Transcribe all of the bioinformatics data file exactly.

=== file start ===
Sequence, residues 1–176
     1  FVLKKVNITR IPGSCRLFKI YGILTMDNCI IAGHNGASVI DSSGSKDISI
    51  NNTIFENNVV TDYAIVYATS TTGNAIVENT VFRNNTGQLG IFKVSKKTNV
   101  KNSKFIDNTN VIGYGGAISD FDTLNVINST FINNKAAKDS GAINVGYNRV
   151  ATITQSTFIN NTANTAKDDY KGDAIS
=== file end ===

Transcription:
Sequence, residues 1–176
     1  FVLKKVNITR IPGSCRLFKI YGILTMDNCI IAGHNGASVI DSSGSKDISI
    51  NNTIFENNVV TDYAIVYATS TTGNAIVENT VFRNNTGQLG IFKVSKKTNV
   101  KNSKFIDNTN VIGYGGAISD FDTLNVINST FINNKAAKDS GAINVGYNRV
   151  ATITQSTFIN NTANTAKDDY KGDAIS